The following article is an opinion piece and reflects the views of only the author and not those of AllOnGeorgia.
Marc Hyden is the Director of State Government Affairs at the R Street Institute, and he is a longtime Georgia resident. You can follow him on Twitter at @marc_hyden.
“We need more Georgians in the workforce,” Scott Hilton, executive director of the Georgians First Commission, announced at an event earlier this year. This may sound peculiar given Georgia’s flourishing economy and low unemployment rate, but he’s right — Georgia can always do better.
The truth, however, is that not every Peach State demographic is reaping the bull market’s benefits, including military spouses. Indeed, they have a shockingly high national unemployment rate of around 16 percent and need the Legislature to reduce unnecessary barriers to getting a job. Georgia, like many states, never shies away from exhibiting the pretenses of being pro-military, but there’s much more to supporting military families than standing for the pledge and cooking out on Memorial Day.
“It’s critical that we take care of our veterans and active members of the military, but we can’t forget military spouses either,” former tank commander and current Georgia State Sen. Bruce Thompson, R-White, contends. He’s actively working to end their plight and wants to ensure that Georgians do more than just remember military families on patriotic holidays. Sen. Thompson aims to peel away the government regulations that make the demanding lives of servicemembers and their loved ones so much more challenging. To this end, he introduced legislation to help recently transferred military spouses more easily get back to work, and it deserves the Legislature’s speedy consideration.
Georgia is home to one of the nation’s largest populations of military personnel. Over 61,000 active service men and women call the Peach State home, and roughly 53 percent of them are married. However, servicemembers are transferred 10 times as frequently as civilians. This means that their spouses are regularly uprooted, too, and subsequently struggle to find new jobs.
As if this wasn’t bad enough, the government exacerbates their ongoing difficulties. Between 35 and 50 percent of military spouses work in fields that require a government-issued occupational license. The positions for which these licenses are necessary range greatly and even apply to jobs like librarians and auctioneers. The licenses are also usually state-specific, meaning that following every move, military spouses must navigate the licensing process yet again in order to work. This often includes paying licensing fees and completing training, even though a person may have decades of experience in the field and another state may have already deemed them capable of performing their job.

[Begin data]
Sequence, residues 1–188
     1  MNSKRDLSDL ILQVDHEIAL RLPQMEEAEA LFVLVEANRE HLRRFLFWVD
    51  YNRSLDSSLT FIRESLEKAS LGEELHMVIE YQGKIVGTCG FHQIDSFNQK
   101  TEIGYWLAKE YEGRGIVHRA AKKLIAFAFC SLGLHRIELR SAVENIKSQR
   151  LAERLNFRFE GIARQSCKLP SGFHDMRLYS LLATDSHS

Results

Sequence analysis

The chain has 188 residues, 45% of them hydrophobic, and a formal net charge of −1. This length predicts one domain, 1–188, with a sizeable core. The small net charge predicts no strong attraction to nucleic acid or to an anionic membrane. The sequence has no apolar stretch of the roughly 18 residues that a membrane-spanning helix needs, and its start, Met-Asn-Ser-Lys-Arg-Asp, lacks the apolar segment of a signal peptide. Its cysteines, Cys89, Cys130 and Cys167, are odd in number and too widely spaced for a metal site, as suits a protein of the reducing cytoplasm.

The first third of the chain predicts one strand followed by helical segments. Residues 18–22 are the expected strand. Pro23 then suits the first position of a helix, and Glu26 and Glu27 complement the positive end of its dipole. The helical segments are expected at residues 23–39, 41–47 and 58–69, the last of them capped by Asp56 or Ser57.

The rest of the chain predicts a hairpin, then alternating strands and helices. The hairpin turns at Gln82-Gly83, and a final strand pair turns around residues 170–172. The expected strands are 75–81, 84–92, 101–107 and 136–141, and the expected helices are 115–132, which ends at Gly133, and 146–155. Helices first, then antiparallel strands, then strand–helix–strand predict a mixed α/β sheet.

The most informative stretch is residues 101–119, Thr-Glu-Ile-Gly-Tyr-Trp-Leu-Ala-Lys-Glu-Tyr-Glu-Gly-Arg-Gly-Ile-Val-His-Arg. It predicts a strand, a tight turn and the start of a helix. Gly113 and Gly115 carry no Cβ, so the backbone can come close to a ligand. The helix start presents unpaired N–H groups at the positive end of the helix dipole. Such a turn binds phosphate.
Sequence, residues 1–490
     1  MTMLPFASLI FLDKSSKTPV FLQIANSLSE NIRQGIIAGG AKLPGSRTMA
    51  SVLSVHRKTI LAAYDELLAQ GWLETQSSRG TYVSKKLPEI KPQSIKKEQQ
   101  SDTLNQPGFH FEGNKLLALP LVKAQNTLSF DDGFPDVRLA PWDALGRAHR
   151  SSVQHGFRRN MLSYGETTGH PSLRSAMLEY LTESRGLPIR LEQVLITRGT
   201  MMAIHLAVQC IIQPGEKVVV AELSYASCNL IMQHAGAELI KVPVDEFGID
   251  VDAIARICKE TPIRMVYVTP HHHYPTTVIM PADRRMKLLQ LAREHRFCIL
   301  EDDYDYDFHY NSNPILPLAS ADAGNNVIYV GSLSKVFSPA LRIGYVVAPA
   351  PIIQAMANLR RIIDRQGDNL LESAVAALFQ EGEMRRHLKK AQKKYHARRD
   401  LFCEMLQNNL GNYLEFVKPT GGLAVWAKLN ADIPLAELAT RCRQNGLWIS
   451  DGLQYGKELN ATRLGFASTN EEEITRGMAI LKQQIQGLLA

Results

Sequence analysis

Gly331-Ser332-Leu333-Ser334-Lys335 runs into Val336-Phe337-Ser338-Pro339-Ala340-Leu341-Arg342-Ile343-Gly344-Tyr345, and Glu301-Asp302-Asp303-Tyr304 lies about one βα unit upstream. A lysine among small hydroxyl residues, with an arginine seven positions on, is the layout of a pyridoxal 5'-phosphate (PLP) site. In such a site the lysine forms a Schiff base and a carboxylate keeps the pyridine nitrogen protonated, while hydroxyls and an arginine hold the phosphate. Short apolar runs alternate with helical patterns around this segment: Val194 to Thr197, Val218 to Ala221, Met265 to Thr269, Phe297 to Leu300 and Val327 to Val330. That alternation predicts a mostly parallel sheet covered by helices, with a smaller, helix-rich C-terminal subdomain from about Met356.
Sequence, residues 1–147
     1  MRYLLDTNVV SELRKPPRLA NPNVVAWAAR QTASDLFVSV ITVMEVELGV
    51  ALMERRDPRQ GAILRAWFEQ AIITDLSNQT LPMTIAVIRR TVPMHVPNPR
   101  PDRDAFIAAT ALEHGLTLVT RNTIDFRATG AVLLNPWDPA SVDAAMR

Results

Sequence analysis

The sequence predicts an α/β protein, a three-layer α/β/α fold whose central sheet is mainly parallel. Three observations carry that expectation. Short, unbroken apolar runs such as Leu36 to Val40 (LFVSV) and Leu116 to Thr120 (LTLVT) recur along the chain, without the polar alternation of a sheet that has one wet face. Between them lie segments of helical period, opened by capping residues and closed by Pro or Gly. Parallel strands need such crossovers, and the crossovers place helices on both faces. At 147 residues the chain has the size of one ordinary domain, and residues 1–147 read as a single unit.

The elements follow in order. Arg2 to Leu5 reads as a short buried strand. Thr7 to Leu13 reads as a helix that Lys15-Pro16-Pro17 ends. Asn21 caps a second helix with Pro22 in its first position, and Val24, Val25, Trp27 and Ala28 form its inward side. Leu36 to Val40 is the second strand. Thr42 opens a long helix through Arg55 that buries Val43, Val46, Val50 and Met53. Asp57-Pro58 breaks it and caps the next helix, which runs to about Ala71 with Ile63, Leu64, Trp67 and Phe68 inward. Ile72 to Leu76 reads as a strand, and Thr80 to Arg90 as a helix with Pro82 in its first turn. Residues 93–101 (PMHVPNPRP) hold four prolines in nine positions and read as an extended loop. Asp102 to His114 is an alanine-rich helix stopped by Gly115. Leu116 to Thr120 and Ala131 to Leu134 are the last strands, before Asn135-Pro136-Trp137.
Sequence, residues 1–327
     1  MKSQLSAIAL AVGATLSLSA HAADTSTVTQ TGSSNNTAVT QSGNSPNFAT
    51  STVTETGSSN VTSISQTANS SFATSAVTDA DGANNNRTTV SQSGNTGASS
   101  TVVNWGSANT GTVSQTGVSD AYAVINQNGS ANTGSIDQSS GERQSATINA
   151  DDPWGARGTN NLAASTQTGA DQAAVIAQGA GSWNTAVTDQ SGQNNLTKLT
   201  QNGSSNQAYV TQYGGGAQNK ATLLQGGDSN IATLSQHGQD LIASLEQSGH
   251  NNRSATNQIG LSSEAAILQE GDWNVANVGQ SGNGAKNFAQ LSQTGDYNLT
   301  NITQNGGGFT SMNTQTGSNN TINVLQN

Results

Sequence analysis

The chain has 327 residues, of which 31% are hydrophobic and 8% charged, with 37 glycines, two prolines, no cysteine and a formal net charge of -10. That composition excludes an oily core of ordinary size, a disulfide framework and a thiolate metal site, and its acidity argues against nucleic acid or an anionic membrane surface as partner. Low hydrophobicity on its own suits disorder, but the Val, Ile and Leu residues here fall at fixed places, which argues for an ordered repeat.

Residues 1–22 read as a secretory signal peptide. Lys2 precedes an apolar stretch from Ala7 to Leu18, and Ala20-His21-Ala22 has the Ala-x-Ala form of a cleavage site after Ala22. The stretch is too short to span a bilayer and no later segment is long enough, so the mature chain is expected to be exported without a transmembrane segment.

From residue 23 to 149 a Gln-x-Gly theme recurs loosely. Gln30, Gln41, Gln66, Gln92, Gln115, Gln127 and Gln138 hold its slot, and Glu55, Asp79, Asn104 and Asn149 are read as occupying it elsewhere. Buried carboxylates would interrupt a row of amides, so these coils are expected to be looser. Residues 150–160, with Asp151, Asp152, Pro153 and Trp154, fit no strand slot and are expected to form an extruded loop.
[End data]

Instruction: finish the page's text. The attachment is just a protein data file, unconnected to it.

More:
The results of this policy are devastating and far-reaching. Most servicemembers are not paid well. In fact, newly enlisted privates earn only around $20,000 a year, which means that military families cannot survive on their government salaries alone — especially if they have children. Given this reality, the longer military spouses are unemployed due to licensing barriers, the more likely they are to apply for taxpayer-funded assistance, thus draining the state’s coffers. What’s more, this policy harms national security by diminishing reenlistment rates. Indeed, 43 percent of married military couples consider the accessibility of careers when deciding whether to re-enlist.
The Georgia Legislature previously identified these problems and sought to correct them. In 2015, then-Gov. Nathan Deal signed a bill into law that vested licensing boards with the power to essentially recognize the out-of-state licenses of military spouses whose husbands or wives had been transferred to Georgia. As Sen. Thompson points out, “While this was a laudable, well-intentioned effort, it didn’t go far enough.” That’s because the law gives licensing boards so much discretion that they don’t actually have to recognize out-of-state licenses. As a result, the statute is not consistently applied.
Sen. Thompson has keenly observed the law’s shortcomings and drafted legislation that follows successful models from other states. If enacted, it would require Georgia’s licensing boards to grant expedited licenses by endorsement to military spouses who meet three criteria: They must already have a valid professional license and be in good standing for the job that they wish to perform; they must already meet the majority of Georgia’s mandated licensing requirements; and they must be married to a service member who was transferred to Georgia.
This measure would greatly benefit tens of thousands of military spouses, reduce unemployment rates, aid military families and boost reenlistment rates. If policymakers want to get more Georgians back to work and help military families in a meaningful way, then this is a good place to start.